Cyber-attack frequency increases with geopolitical tension: analysis

Australia may be a global non-contender as a source of malware callbacks, but analysis of malware from countries with more active malware-broadcasting profiles shows a strong correlation with political events such as the conflict between Russia and the Ukraine, a FireEye researcher has concluded.

In analysing communications from compromised systems back to command-and-control servers around the world, FireEye senior global threat analyst Kenneth Geers concluded that steady climbs in the rankings of both countries suggested that cyber-attacks were playing an increasing role in situations of escalated tensions.

The conclusion was based on a high level of callbacks to servers in Russia, which – although he didn't want “to speculate too much on the precise motives of the attackers behind all of these callbacks” – Geers said could be pegged to key events in the ongoing conflict between that country and Ukraine.

While nearly half the world's countries experienced a decrease in callbacks between February and March of this year, Russia and Ukraine both increased their share of callbacks, by 10 percent and 8 percent respectively.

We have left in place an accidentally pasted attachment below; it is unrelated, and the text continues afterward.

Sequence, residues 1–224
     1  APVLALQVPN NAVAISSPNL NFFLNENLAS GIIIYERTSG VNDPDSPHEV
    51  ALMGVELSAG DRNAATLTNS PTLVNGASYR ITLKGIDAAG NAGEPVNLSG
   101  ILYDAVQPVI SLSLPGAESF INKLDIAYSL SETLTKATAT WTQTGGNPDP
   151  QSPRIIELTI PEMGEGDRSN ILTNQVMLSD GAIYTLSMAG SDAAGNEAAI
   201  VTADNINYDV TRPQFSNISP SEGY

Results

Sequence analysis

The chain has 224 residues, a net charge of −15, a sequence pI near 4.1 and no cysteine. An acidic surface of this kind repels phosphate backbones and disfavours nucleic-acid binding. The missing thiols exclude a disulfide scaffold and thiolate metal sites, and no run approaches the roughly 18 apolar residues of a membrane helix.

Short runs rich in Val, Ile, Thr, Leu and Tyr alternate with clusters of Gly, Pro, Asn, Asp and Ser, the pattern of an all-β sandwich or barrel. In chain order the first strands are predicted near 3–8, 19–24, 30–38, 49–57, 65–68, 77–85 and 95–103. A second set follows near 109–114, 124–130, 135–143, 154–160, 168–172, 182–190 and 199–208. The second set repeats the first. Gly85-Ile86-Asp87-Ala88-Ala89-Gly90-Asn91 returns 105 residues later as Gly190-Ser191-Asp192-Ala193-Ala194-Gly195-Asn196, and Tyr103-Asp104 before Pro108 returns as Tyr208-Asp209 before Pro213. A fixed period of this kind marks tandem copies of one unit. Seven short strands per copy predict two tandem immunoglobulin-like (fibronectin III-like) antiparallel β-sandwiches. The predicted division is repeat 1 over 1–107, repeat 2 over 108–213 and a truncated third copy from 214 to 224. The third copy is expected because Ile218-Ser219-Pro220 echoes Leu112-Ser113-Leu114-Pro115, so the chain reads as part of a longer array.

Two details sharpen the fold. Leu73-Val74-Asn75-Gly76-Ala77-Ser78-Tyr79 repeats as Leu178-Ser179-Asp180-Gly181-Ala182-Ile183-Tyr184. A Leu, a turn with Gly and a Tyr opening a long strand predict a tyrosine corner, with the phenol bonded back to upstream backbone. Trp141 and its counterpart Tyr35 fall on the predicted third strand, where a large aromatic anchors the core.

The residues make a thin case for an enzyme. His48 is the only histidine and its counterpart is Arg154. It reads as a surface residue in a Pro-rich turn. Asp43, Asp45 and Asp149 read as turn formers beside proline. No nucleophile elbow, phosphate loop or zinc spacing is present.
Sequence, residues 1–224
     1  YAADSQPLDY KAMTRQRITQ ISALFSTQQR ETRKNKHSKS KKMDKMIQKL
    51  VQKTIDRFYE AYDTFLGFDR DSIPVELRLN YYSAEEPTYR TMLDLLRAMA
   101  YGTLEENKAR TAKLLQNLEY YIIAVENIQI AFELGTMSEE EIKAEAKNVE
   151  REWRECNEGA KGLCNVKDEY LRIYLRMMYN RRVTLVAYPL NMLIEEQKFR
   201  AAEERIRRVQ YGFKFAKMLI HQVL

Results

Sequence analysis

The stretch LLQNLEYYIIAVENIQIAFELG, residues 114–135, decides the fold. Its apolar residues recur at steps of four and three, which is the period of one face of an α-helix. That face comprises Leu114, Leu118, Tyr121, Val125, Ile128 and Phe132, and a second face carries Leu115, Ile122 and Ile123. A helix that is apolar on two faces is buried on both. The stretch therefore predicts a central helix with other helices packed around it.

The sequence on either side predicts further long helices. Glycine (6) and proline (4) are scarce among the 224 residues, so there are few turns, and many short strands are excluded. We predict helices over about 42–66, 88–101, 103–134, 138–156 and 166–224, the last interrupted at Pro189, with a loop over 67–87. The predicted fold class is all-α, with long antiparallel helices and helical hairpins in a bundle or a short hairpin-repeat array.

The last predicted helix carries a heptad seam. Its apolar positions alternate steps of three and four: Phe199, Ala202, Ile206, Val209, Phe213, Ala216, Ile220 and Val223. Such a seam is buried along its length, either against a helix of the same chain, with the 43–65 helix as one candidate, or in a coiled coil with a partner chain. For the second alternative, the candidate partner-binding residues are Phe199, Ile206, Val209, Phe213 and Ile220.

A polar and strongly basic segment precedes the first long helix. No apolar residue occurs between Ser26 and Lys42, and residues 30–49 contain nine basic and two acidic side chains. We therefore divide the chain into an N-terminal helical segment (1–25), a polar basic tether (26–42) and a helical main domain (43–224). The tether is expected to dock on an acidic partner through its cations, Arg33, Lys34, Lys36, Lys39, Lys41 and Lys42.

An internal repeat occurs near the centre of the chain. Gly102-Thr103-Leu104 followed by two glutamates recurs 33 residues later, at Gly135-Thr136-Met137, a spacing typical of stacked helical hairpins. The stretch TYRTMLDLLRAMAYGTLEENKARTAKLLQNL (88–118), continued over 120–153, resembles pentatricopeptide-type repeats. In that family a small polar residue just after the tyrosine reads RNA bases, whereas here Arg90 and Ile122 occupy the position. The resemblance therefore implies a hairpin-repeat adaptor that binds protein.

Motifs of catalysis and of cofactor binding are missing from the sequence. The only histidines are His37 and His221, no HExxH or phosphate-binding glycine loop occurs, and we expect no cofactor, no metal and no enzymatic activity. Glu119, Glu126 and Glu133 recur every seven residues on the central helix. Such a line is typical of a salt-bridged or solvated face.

Educational institutions saw the largest proportion of callbacks to Russia by industry vertical, with government and the high-tech industries the third-biggest targets after seond-place healthcare.

Significantly, Lithuania was the fourth-biggest callback target, outranking the much-larger Russia by three places and receiving callbacks from 39 countries compared to Russia's 53.

Both still lagged countries like Israel, Lithuania and Hungary – which topped the chart after being targeted, along with Turkey, by particularly virulent malware. Yet while it didn't crack the top three in terms of overall volumes, Ukraine received callbacks from 39 countries in March, more than any country but Russia.

“The rise in callbacks during high leves of geopolitical tensions suggests strongly that computer network operations are being used as one way to gain competitive advantage in the conflict,” Geers wrote.

High-level analysis of callback traffic “might be used to draw a link between large-scale malware activity and important geopolitical events”, he said, adding that such analysis would be used in the future in an attempt to provide “valuable advanced protection insights”.

Australia was all but absent from the charts, popping into the top 20 recipients of malware callbacks in June 2013 (when it was ranked 19), August 2013 (19), November 2013 (14) and December 2013 (18).

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